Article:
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Thread: Partition table messed up - hundreds of "ghost" partitions

  1. #51
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    Re: Partition table messed up - hundreds of "ghost" partitions

    I am not knowledgeable enough to discern much from the fsck for sda8. Inode 7 is toast and there are free block count mismatches. Obviously, don't try to fix it while it is mounted.

    You could make a new 40GB partition on the new drive and copy the contents of sda8 to it before you repair it.

    sudo rsync -vax /dev/sda8 /dev/sdbX

    I'd probably just repair it.

    When all this is working well enough, for absolute certainty, I would suggest you boot a live CD/USB and reformat the new drive, then manually create partitions on it into which you can copy the contents of the old partitions. This way you end up with perfect file systems. Then adjust the UUIDs in fstab files and reinstall Grub. Then you can dd clone the new drive back to the 500GB one. This will take a lot of time and I don't know whether this is strictly necessary.

    I recommend rsync -ax --progress for copying partition contents
    ASRock P67 Extreme6, Intel i5 2500K, 8GB RAM, nVidia 6600GT, 4x1TB RAID1+0

  2. #52
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    Re: Partition table messed up - hundreds of "ghost" partitions

    Quote Originally Posted by YesWeCan View Post
    Lesson learned? This is why I recommended manually finding the EBRs and fixing them.
    I know... I was getting anxious and impatient and it looked like testdisk knew what it was doing, and its partition table seemed to make sense... Who knew it would change start and end point like that! :/

    Cristian

  3. #53
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    Re: Partition table messed up - hundreds of "ghost" partitions

    Quote Originally Posted by Quaxo76 View Post
    I know... I was getting anxious and impatient and it looked like testdisk knew what it was doing, and its partition table seemed to make sense... Who knew it would change start and end point like that! :/

    Cristian
    You weren't to know. You have to be very careful about using automated tools on critical data. And you have to carefully vet recommendations you receive to make sure the tools are proven to do the job properly. TestDisk is an experts tool and is not smart enough to know which partition remnants are the current ones. But what really worries me is that it created an illegal extended partition end sector! There is no excuse for that. So treat all tools with healthy cynicism - don't assume the people who wrote them were competent.

    And do regular backups from now on
    [edit] Oops, I forgot you were doing that before! Sorry. Ok, from now on do not let anyone steal your backup drive.
    Last edited by YesWeCan; September 27th, 2011 at 01:04 PM.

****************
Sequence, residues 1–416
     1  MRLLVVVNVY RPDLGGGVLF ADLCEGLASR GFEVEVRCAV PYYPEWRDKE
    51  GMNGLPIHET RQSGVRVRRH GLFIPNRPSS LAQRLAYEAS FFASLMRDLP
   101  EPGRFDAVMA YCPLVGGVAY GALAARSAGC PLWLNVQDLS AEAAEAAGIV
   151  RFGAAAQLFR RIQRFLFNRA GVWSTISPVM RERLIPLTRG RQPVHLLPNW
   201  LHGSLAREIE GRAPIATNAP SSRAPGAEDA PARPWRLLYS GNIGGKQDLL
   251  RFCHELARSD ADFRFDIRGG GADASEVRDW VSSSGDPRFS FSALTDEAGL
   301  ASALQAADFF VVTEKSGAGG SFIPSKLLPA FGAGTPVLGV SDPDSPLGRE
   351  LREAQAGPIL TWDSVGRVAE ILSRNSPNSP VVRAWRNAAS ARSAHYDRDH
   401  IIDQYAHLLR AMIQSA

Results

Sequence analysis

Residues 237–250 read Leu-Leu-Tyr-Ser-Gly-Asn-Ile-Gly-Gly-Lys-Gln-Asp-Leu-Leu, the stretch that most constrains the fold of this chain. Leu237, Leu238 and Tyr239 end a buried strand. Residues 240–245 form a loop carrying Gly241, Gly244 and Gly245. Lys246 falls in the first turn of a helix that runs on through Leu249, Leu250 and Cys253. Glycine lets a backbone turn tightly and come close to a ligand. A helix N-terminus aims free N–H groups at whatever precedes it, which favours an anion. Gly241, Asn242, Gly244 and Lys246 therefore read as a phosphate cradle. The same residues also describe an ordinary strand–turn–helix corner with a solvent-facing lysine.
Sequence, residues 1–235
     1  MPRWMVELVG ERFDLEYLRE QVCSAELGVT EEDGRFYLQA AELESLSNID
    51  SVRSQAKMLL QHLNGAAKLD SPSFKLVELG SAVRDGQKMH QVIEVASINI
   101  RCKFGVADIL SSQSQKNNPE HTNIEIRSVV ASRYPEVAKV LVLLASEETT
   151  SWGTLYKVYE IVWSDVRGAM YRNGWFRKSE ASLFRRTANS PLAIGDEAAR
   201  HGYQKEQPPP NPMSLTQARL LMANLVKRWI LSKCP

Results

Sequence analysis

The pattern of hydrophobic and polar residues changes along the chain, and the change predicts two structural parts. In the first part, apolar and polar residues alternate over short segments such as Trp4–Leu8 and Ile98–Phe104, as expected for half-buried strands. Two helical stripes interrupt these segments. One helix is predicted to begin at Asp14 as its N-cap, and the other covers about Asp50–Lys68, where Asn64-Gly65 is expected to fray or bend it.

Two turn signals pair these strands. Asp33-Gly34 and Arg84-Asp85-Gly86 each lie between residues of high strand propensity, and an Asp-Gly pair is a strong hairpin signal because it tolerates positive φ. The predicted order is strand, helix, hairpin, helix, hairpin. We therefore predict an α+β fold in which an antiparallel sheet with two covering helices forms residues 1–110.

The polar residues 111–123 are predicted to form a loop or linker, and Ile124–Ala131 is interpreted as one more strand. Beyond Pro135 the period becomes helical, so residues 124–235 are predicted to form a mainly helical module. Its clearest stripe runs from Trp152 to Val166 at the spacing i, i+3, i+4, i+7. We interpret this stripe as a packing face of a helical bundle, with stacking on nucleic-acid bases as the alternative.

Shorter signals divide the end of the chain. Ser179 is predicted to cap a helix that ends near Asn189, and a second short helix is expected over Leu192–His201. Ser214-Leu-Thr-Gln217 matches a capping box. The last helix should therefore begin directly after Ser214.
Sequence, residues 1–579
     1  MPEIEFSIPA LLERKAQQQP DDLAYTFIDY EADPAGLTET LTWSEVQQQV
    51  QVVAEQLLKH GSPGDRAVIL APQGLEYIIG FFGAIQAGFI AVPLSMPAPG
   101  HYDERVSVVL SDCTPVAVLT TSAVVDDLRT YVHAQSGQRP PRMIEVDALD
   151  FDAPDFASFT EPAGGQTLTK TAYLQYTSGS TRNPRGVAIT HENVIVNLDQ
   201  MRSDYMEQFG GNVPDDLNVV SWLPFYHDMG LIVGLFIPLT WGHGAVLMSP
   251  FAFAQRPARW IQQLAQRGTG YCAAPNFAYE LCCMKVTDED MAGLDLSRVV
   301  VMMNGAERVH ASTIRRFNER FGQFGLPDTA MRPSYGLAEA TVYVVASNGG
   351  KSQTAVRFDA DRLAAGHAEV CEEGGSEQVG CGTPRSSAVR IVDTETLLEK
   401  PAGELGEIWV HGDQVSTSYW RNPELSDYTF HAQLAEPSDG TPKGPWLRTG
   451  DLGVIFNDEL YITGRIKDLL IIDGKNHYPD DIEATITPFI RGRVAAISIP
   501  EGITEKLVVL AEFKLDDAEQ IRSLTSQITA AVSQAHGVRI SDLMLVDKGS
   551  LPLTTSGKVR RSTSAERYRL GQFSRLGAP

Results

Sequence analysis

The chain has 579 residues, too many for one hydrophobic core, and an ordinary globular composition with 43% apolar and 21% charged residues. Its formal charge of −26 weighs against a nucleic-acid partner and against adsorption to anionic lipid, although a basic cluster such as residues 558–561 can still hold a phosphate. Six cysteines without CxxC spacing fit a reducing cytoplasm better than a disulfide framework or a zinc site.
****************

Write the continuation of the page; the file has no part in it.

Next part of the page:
ASRock P67 Extreme6, Intel i5 2500K, 8GB RAM, nVidia 6600GT, 4x1TB RAID1+0

  4. #54
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    Re: Partition table messed up - hundreds of "ghost" partitions

    Quote Originally Posted by YesWeCan View Post
    Ok, from now on do not let anyone steal your backup drive.
    Hehe... I was keeping it in my locker at work, because I thought that would be safer than carrying it around with me every day, with the risk of dropping or loosing it... Maybe I should keep *two* backups, one at home and one always with me!

    Repartitioning the drive makes sense because even before having this problem, GParted always warned me that the partitions' boundaries were not aligned with cylinders, possibly ending in poor performance. Every attempt at re-aligning without totally repartitioning failed... (they had become misaligned when I cloned my old, smaller, HD into the 500GB one). But: does RSync preserve ownership, permissions, etc. on files? After moving the files from the old, rescued, partition to the newly created one, does it just work after reinstalling Grub?

    Now, to go back to the start... This all started when I tried to revive an old Windows partition (I need to use Windows for a few days, to interface with a certain hardware). If I decide to just wipe sda1 (the old Windows) and reinstall a new WinXP onto it... it will of course destroy GRUB, but is it safe to do so and then reinstall Grub? Or will I find myself deep in trouble again?

    Cristian

  5. #55
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    Re: Partition table messed up - hundreds of "ghost" partitions

    Quote Originally Posted by Quaxo76 View Post
    Hehe... I was keeping it in my locker at work, because I thought that would be safer than carrying it around with me every day, with the risk of dropping or loosing it... Maybe I should keep *two* backups, one at home and one always with me!
    I back mine up to a USB drive but I encrypted the whole drive in case I lose it: http://www.emcken.dk/weblog/archives...in-ubuntu.html